Nanotubes are microscopic graphite tubes that are lighter than plastic and as strong as metal. But research shows that this popular material used in everything from sports equipment to electronics has the same effect as asbestos. Now the question is how to manage the risk.
Technology gains all come with some risk. That shouldn't be news to anyone, uncharted waters always come with some risk. But once the risk is identified, it can be managed. Fortunately, scientists saw this risk coming long ago and started down the path of identifying it.
Carbon nanotubes, microscopic graphite cylinders used in a growing number of applications, can act similarly to asbestos if inhaled. This can potentially lead to mesothelioma, or cancer in the lining of the lungs. This, according to a major study published May 20 in Nature Nanotechnology.
Carbon nanotubes were discovered nearly 20 years ago. They have been described as the "wonder material" of the 21st century because they are as light as plastic but stronger than steel. They are being developed for use in new drugs, energy efficient batteries, and electronics. Nanotubes are expected to be a $2 billion industry within the next few years..
From the Washington Post:
But that production frenzy has raised concerns because the materials are being regulated on the basis of what they are made of — such as "carbon" — even though, by virtue of their size, some pose very different health and environmental risks.
The amount of government money going into environmental and health impacts of nanomaterials has been far outweighed by federal spending to support the fledgling industry. That is an issue Congress is currently wrestling with as it prepares to reauthorize the National Nanotechnology Initiative, which has been pumping about $1.5 billion a year into research, with only about 5 percent focused directly on health and safety.
"We've got to have the right research and really fast," said Andrew Maynard of the Project on Emerging Nanotechnologies in Washington, a co-author of the new research report. "We've got to have a strategy in place. But no matter what the government says, if you look at it, there is not a clear vision of where they need to be or a plan of how to get there."
Fortunately, companies using nanotubes in products today saw the similarities between carbon nanotubes and asbestos early on. According to Unidym, a Menlo Park company exploring the use of carbon nanotubes in items such as touch screens, precautions have already been taken.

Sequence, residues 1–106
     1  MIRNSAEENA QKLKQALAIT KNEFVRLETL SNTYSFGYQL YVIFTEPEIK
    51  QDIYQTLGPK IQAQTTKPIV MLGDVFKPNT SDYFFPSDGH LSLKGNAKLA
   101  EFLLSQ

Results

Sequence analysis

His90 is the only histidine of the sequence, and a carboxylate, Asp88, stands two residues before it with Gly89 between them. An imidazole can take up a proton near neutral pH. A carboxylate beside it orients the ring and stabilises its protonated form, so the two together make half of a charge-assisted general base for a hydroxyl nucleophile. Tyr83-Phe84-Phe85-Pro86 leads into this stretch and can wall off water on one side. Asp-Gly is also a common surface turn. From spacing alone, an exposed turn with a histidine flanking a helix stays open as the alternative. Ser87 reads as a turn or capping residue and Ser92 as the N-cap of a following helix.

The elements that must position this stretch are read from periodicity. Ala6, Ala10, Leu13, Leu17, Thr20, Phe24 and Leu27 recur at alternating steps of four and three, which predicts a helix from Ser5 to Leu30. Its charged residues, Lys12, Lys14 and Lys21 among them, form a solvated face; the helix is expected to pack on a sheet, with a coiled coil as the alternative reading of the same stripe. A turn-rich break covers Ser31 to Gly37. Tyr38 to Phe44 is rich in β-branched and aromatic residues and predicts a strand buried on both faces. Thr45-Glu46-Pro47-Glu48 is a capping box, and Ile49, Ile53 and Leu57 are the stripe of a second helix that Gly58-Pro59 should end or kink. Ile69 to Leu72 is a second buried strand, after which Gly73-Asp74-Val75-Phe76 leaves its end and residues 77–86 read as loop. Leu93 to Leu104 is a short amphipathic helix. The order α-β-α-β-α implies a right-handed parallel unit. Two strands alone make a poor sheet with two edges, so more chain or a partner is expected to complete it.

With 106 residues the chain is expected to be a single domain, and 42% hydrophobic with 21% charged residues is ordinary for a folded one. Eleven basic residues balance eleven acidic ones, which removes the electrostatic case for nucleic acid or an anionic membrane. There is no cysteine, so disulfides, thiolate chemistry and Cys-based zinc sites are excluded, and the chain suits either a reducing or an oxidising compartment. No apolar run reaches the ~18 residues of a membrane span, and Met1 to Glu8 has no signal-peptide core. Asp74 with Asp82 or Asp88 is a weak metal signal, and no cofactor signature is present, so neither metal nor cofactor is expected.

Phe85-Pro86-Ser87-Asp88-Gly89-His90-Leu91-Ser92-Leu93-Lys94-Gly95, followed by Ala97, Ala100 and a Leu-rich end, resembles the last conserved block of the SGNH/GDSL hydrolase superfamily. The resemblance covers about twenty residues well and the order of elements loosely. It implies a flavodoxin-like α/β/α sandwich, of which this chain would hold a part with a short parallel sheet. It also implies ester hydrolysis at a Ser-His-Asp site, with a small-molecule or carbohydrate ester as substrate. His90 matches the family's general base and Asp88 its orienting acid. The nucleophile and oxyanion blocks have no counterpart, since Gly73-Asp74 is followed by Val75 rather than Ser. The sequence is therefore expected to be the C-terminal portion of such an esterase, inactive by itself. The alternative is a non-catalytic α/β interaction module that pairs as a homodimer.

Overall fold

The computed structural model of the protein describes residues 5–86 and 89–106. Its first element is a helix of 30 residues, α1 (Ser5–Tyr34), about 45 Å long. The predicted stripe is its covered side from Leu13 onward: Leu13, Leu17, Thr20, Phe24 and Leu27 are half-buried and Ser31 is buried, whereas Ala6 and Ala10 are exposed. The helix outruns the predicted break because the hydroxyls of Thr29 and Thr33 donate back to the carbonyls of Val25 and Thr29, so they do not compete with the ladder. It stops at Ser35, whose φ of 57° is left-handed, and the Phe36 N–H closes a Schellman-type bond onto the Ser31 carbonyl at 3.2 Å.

"This is what we expected. It fits with the paradigm that long and skinny fibers can cause asbestosis. It does not really matter if they are made of carbon or asbestos. The key is not getting them into the body," said Ken McElrath, vice president for product development materials at Unidym's facility in Houston, which manufactures the carbon nanotubes.
To protect employees from breathing nanotubes, the manufacturing is conducted in closed ventilated systems. People working with the nanotubes also are protected by dust masks with respiratory filters.
McElrath said he found the study to contain some positive news: Shorter carbon nanotubes might not be harmful.
"We are using these kinds of findings in our product design," he said. "We try to stay away from things that potentially cause problems."
A risk known is a risk that can be managed. While this sturdy is fascinating on its own, it reminds us that in order to truly assess risk in emerging technology, it is important to research everything. In this particular case, the assumption was that carbon nanotubes were no more harmful than graphite. Fortunately, the assumption has been proven wrong and appropriate precautions can be taken before negative exposure is widespread and business risk is escalated to billions of dollars.
While it is likely that none of us manage risk on this kind of scale, I found that this new information caused me to look at how I manage business risk with new eyes. Something that might have been thought of as a negligible risk may be the very thing that can de-rail an effort.
Nanotechnology cancer risk found (LA Times)